Sunday 29th June 2014, matinée
Little Women is so iconic that even if you haven’t read the book or seen one of the many films or adaptations, you’ll feel as though you have. This is a generous helping of warm-hearted sentimentality as American as blueberry pie. A semi-autobiographical novel based on Louisa May Alcott’s own childhood experiences and early career as a writer, the story centres around the four March sisters and their life in Concord, Massachusetts during the civil war. Each follows a distinct journey and ultimately their story is captured by Jo, the author who starts out writing sensationalist ‘blood and guts’ stories for money, before discovering that her own story is just as valid.
The material lends itself very well to the musical treatment, with book by Allan Knee, Music by Jason Howland and Lyrics by Mindi Dickstein. The music allows a shortcut to emotion without falling into cliché, and there are plenty of colourful characters, fantasy sequences telling Jo’s stories, and of course the closeness and conflict that goes with the intimate and domestic story of four sisters. ‘Little Women’ has also proved an excellent choice for the Royal Academy of Music to show off the talents of its Musical Theatre students, particularly the female ones for whom juicy roles can be hard to come by.
Susanna Squires perfectly captures Jo’s drive and boundless energy – ‘Give me a task to do’ she cries whenever she is feeling restless. We get a sense of her emotional depth as she is put severely to the test, watching everything she cares about threaten to fall apart. Her vocals are powerful, and her songs form an emotional centre for the action, whether conveying the youthful indignation of a young author receiving constructive criticism for the first time in ‘Better’, full of ambition in ‘Astonishing’, or finally finding her metier in an unexpected place in ‘The Fire Within me’. As the eldest sister Meg, Dalia Fadel is a more serious and calming influence, shyer and more modest in her ambitions, but romantic nevertheless. She brings out the comedy beautifully when she falls (literally) head over heels in love with Matt McGoldrick’s charmingly gawky John Brooks. As Amy, Bridget Costello has the tricky task of encapsulating the eternal predicament of the youngest sister – a bit of a spoilt brat who is babied by the others, afflicted with the dreaded ‘hand-me-down’ syndrome, and feeling out of place and ignored. Her transformation from naughty child to sophisticated woman (albeit still unashamedly materialistic) is nicely played out. Claire Harbourne as Beth conveys the sweetness and fragility of the shyest sister Beth, and her ethereally beautiful vocals bring warmth and sadness to the action whether she is effortlessly coaxing Laurie’s grumpy grandfather Mr Laurence (a very convincing Simon Ward) in ‘Off to Massachusetts’ or gently breaking her earthly bonds with her beloved sister Jo in ‘Some Things are Meant to Be’. Josh Maddison has a ball as Laurie, delivering a tour de force of charm and shallowness as the ‘eligible’ rich neighbour who should be the perfect catch for at least one of the sisters – but who will it be? Endlessly enthusiastic and always ready with an optimistic exhortation, his signature number says it all – ‘Take a chance on me’ (no, not that one!). Stephanie Lyse as Marmee conveys the mature wisdom of a mother of four girls without fuss, calmly allowing them just enough freedom before stepping in to adjudicate. We see her vulnerable side in her song ‘Here Alone’ as she tries to write to her absent husband and wonders how she will cope.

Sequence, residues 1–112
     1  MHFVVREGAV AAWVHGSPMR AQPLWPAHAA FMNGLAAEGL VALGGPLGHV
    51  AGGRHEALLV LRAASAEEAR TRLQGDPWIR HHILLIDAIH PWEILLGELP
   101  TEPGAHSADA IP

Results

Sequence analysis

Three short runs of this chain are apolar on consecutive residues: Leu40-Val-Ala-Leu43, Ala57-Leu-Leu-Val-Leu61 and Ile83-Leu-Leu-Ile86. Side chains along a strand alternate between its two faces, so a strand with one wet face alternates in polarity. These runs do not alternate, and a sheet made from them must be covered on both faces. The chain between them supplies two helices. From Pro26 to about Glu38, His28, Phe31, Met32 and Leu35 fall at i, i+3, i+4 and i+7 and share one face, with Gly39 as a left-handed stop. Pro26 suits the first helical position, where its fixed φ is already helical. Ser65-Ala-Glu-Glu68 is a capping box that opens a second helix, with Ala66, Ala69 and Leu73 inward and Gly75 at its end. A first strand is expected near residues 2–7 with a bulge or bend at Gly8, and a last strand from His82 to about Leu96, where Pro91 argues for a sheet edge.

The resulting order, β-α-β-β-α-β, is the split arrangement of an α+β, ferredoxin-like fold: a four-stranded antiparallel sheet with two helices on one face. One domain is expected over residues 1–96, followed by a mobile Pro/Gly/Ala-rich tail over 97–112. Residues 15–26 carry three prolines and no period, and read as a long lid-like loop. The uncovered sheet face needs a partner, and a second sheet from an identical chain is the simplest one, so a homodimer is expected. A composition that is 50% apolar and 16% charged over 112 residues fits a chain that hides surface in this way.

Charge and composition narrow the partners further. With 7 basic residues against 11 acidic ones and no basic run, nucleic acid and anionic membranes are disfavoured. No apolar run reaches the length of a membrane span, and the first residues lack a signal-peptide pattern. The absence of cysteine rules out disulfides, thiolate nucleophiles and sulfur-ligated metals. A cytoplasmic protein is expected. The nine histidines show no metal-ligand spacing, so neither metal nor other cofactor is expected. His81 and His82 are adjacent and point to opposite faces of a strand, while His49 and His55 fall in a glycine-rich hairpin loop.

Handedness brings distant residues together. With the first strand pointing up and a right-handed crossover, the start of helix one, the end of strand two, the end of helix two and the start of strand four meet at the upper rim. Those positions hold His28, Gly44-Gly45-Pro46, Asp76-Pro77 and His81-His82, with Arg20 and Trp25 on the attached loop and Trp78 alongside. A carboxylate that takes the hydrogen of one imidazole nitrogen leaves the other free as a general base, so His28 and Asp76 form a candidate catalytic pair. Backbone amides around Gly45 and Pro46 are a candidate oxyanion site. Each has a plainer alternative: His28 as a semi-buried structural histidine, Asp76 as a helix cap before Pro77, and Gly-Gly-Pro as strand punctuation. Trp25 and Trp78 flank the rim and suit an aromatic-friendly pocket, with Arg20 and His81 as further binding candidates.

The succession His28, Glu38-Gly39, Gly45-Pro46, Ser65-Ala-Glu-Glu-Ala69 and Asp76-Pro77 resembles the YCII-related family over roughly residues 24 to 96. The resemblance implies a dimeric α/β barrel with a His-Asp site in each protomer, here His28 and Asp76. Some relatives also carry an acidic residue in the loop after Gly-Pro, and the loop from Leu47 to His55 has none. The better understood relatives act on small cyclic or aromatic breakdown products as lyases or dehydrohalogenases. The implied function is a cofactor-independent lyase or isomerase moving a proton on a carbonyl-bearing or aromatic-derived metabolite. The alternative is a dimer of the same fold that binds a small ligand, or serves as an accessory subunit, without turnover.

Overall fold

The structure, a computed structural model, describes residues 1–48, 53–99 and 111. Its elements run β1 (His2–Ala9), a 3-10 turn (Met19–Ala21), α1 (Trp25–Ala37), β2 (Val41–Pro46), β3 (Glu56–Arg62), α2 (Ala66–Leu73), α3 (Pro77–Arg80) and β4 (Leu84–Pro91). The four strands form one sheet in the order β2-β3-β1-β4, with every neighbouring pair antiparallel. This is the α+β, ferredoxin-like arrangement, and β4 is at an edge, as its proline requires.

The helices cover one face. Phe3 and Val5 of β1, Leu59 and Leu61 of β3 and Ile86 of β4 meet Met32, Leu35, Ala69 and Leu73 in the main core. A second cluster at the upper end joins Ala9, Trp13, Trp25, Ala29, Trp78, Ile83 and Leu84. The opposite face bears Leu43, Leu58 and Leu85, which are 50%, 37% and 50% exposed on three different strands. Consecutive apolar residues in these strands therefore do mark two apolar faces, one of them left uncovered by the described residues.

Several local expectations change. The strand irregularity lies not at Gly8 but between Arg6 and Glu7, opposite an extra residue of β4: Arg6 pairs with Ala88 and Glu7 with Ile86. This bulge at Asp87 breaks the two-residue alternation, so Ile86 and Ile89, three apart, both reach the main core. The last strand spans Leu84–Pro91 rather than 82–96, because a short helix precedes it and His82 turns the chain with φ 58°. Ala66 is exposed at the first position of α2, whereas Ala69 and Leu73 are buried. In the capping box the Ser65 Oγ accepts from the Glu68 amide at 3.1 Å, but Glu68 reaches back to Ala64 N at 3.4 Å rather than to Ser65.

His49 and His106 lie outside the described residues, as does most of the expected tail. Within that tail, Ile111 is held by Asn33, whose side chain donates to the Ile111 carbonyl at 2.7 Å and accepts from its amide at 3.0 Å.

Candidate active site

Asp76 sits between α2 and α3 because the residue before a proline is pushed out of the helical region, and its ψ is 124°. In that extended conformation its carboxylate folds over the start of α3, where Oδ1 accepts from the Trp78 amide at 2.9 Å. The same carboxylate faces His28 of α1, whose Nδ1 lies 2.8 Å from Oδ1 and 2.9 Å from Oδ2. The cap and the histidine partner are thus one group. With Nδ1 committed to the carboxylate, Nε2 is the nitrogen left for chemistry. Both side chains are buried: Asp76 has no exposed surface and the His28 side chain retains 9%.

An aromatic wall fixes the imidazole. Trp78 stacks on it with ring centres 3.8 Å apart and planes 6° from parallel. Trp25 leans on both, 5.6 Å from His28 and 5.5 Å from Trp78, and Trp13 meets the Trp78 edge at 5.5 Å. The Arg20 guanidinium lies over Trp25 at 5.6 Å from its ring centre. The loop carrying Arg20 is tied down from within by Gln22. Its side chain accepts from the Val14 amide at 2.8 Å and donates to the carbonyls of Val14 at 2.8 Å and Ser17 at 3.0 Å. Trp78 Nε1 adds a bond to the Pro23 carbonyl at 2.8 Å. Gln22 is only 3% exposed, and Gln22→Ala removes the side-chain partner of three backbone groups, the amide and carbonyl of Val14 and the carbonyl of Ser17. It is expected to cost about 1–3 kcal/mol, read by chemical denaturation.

It is always refreshing to visit these end of year shows, and to feel optimistic again about the future of Musical Theatre. It is a joy to see a show like this with such a talented cast, skilfully brought together under Paul Warwick Griffin’s direction, and sounding fantastic thanks to Musical Director Bjorn Dobbelaere. We can’t imagine this show being given a better production on the professional stage (hardly surprising given the extensive professional credits of the directors!), and we look forward to seeing some of these familiar faces again in the future.